Rhode Island bans shredded paper from state-run MRF
- The Rhode Island Resource Recovery Corporation (RIRRC) recently announced that it will no longer accept bags of shredded paper in single-stream recycling collection because of high contamination rates at the state-run material recovery facility.
- Though some bags of the material make it through sorting lines intact, many others break open and contaminate other commodities in the process. RIRRC said this ban will "greatly improve the quality" of the 450 tons of material it processes at the MRF each day.
- Businesses are expected to arrange for their own shredding needs, but residents that want to recycle their confidential papers will now have more options to do so. RIRRC already accepts shredded paper at a drop-off site and it will now host four shredding days per year as well.
According to RIRRC, shredded paper wasn't seen as an issue when the state switched to single-stream in 2012 but tighter commodity prices have since changed that equation. The common practice of double bagging this material has also increased costs because bags often get stuck in MRF equipment, which increases safety risks when employees have to cut them out. The rise of cart-based recycling programs has decreased the need for any recyclables to be bagged, and multiple cities have been emphasizing this approach to cut down on MRF issues.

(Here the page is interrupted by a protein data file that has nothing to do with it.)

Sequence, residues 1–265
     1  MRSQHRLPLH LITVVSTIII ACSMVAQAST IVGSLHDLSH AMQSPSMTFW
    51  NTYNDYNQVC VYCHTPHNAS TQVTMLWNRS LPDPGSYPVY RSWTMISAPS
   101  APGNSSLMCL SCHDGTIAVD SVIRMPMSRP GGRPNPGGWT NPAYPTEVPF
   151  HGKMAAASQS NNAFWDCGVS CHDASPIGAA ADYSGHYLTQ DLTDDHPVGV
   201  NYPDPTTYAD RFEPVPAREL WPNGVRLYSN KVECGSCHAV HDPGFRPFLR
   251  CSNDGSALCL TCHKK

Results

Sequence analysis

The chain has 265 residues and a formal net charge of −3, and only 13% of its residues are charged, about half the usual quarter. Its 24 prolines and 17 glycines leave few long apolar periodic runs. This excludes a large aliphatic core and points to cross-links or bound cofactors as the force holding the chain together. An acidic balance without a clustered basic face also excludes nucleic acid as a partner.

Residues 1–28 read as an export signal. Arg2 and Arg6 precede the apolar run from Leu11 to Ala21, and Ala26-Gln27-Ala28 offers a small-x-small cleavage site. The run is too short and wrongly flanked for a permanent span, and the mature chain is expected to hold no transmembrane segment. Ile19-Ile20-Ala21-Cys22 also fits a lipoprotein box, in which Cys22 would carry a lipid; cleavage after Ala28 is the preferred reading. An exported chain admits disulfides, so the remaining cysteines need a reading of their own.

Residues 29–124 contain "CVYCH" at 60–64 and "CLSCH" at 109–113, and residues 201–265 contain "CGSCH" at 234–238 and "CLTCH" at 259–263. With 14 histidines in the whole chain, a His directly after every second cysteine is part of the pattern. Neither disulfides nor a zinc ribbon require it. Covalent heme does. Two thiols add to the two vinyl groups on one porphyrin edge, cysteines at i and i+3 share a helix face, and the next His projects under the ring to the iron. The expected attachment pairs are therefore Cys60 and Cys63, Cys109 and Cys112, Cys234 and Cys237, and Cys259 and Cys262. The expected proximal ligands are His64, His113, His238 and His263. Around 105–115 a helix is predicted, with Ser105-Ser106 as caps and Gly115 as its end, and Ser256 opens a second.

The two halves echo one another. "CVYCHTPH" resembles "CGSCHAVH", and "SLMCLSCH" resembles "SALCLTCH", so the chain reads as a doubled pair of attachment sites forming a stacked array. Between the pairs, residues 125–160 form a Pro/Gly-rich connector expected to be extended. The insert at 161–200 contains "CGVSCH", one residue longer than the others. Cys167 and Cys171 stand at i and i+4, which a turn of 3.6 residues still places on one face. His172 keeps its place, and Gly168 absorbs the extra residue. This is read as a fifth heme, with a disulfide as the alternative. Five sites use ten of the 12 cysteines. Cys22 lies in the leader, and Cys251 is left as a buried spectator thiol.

The announcement also ties into RIRRC's broader efforts to encourage more diversion. This summer, tip fees will be increasing at the state-run landfill for the first time in 25 years. Officials hope this will lead to more activity at RIRRC's MRF — where tipping is free for municipalities — and encourage struggling municipalities such as Providence to improve their recycling programs.
Though shredded paper is still accepted by a number of other cities, it's not uncommon to see it banned either. The American Forest & Paper Association (AF&PA) — which is working to achieve a 70% paper recovery rate by 2020 — encourages residents to shred their documents sparingly because the process shortens paper fibers and reduces recycling opportunities.
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